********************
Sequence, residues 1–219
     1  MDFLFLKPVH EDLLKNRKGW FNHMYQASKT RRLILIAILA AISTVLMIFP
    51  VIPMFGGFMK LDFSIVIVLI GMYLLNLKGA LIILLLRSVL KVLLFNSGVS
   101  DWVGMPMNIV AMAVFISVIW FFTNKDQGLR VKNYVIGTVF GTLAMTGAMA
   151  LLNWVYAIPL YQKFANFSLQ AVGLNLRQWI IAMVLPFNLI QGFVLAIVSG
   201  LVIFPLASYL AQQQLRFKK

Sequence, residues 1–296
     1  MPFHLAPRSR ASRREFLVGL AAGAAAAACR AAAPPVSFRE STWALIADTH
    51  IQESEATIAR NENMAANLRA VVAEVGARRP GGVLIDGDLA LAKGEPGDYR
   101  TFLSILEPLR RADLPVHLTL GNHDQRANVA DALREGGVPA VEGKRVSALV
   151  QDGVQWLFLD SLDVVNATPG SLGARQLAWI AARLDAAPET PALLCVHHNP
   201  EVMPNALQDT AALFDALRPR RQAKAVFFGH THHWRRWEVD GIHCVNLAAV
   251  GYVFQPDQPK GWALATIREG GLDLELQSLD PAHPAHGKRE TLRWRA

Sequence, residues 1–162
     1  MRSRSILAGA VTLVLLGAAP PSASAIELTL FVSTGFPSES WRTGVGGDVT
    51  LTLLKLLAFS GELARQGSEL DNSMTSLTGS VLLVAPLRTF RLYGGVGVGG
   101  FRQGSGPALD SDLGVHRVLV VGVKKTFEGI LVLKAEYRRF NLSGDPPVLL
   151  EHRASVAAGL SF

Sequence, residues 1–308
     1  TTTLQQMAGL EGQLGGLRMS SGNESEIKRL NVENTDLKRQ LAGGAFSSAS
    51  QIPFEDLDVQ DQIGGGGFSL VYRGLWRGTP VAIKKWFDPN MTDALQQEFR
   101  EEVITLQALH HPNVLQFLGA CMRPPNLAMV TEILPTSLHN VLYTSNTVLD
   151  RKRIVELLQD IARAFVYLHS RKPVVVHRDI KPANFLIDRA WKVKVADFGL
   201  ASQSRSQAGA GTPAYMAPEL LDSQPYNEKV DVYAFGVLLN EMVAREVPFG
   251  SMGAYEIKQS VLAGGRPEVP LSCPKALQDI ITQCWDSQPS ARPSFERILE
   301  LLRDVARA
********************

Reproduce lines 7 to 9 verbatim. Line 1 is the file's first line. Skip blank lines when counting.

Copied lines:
Sequence, residues 1–296
     1  MPFHLAPRSR ASRREFLVGL AAGAAAAACR AAAPPVSFRE STWALIADTH
    51  IQESEATIAR NENMAANLRA VVAEVGARRP GGVLIDGDLA LAKGEPGDYR